7) Business blogs behind the firewall: It's more talk than action right now, but companies like Traction Software are busy selling blogtools to clients to use as part of a knowledge management program. We don't see those blogs, but this is where much of the revenue is at this early stage.
8) The experimenters & innovators--There's a small but critical segment for whom blogging is about pushing the envelope. Mobblogging, audioblogging, photoblogging, blog search are examples of new ideas powered by technologies that have been developed and enhanced by a small group of innovators and experiments who love to push the limits of the possible.

November 2004: Wow, have things changed!
These classifications still hold, but I'd add:
9) Blog as trade publishing platform--See PaidContent or the new MediaBistro for examples.
10) Blog as mainstream consumer media publication: Gawker, Engadget, Cool Hunting fit that bill.
11) Trasherati--Blogs as gossip columns: This is a subset of 10, but a really juicy one--see Stereogum, Jossip, and lowculture for examples of the genre done well.
12) Blogs as buying guides. Expect more of this--early adopters are Cool Hunting, StyleMaven,
Cool Tools.
13) Blogs as journals and emotional outlets. Who knew online journaling would get so big? Examples include XXX and XX and XXX.

Blogging is...

Blogging is...
#1 A form of unedited, authentic self-expression
#2 An instant publishing tool
#3 An online journal with freshly updated content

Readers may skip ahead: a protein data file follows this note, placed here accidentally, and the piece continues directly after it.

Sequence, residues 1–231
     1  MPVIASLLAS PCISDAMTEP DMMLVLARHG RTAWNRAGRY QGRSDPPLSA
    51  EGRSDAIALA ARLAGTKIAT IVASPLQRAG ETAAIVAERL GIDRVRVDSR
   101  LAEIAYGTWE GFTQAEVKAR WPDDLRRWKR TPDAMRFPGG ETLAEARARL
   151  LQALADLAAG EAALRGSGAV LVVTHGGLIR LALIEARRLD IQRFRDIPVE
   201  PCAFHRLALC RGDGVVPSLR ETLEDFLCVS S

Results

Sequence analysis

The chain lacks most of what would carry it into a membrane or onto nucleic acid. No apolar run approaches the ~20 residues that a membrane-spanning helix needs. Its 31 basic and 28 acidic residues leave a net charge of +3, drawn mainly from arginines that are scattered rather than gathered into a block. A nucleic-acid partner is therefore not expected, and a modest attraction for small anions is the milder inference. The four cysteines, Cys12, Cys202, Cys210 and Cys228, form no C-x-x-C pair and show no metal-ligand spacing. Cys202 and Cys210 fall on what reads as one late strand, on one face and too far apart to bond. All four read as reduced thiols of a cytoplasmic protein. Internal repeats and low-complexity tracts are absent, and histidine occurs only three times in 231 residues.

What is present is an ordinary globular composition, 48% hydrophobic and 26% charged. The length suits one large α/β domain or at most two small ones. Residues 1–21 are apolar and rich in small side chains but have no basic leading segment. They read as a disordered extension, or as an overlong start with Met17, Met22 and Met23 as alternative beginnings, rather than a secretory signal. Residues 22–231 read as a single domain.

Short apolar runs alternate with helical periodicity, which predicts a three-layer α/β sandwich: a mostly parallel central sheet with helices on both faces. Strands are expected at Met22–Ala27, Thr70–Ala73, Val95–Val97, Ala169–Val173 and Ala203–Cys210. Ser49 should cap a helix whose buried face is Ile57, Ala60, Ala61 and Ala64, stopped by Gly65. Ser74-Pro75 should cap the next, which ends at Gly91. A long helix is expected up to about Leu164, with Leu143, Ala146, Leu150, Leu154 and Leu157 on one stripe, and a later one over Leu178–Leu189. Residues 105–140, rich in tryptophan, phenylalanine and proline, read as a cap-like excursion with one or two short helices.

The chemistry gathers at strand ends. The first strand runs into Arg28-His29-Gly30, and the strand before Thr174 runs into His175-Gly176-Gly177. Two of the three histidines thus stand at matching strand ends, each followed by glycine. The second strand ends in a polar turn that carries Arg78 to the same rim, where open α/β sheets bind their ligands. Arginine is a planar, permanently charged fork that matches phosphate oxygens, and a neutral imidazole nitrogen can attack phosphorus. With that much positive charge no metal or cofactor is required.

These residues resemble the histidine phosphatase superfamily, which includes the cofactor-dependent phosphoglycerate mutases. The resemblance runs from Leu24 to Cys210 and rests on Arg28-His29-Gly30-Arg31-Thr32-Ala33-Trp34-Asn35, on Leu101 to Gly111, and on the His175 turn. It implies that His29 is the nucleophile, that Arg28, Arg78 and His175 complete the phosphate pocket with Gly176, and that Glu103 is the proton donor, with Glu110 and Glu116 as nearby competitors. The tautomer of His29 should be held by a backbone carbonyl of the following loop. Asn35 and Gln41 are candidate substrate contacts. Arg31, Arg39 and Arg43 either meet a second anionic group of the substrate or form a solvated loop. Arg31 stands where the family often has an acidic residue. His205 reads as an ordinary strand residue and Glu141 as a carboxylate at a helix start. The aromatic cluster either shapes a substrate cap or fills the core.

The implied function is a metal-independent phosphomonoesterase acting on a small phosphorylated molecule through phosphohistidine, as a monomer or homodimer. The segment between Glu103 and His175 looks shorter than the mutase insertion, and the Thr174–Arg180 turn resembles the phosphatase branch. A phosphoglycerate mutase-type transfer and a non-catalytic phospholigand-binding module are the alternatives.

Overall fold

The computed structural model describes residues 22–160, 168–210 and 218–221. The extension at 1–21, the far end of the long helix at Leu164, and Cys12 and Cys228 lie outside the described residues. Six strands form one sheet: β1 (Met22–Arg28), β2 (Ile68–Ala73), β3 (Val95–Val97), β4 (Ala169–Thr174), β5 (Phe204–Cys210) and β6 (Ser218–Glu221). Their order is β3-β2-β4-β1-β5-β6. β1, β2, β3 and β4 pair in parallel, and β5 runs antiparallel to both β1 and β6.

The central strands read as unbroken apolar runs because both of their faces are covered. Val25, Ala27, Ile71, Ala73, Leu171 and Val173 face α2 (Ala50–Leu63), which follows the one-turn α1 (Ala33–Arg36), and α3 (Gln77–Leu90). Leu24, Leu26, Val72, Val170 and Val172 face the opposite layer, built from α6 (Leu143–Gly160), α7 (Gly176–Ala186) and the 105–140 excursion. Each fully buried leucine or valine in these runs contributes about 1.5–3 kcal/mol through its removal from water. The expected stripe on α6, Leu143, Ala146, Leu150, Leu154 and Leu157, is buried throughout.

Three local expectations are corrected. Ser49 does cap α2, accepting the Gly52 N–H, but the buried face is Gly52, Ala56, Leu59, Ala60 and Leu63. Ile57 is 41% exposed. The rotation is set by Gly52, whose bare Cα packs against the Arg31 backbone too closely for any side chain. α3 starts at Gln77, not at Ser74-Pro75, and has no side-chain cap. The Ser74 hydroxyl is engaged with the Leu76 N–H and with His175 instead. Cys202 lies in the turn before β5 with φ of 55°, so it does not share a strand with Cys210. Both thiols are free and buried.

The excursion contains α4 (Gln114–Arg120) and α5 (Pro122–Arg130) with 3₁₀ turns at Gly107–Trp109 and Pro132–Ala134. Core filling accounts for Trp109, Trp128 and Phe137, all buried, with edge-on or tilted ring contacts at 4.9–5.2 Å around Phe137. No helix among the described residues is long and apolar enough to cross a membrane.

#4 Amateur journalism
#5 Something that will revolutionize the Web (think RSS feeds)
#6 A way to create community with your voters, er... readers (think 2,200 comments posted to the Dean for America blog in one day)
#7 An alternative to mainstream media (think InstaPundit by Glenn Reynolds and TalkingPointsMemo by Joshua Micah Marshall
#8 A tool to teach students how to write (think Kaye Trammel at the University of Florida)
#9 A new way to communicate with customers (think Ray Ozzie, CEO of Groove Networks)
#10 A new form of knowledge management inside big companies
#11 A way for a bunch of navel-gazers to communicate with one another
#12 Something to keep you occupied when you're unemployed (more people than care to admit fit into this category; have you noticed?)
#13 A way to think and write in short paragraphs instead of a long essay (which no one has time to read anyway)
#14 Your email to everyone, as A-list blogger Doc Searls puts it (i.e. a way to stay in touch with family and friends)
#15 A silly word that's fun to say ("Gotta go blog now... ")
#16 A way of writing with a distinct voice and personality (think Halley Suitt)
#17 Something to talk about at cocktail parties ("I blogged Seth Godin and he blogged me back...")
#18 A URL to add to your resume (as in TokyoTim, my 23-year-old son who's living and working in Japan for a year)
#19 Something else to do with your mobile phone...think audio blogging and moblogging
#20 Something you don't want your mother to read (what my mother says about blogging)
--Debbie Weil, WordBiz

Blog: A four letter word that gets people excited

Yeah, blogging is booming. Even Microsoft has advice for bloggers.
This site is a place where I am going to discuss how to create an effective blog, post links to good blogs, and reference blogging-related posts of note.
If you're just getting into blogging--or have to manage a blogging site--this blog is for you.
Right now I am the only contributor, but if you would like to post here--questions, comments, ideas, advice--let me know and we can add you to the list.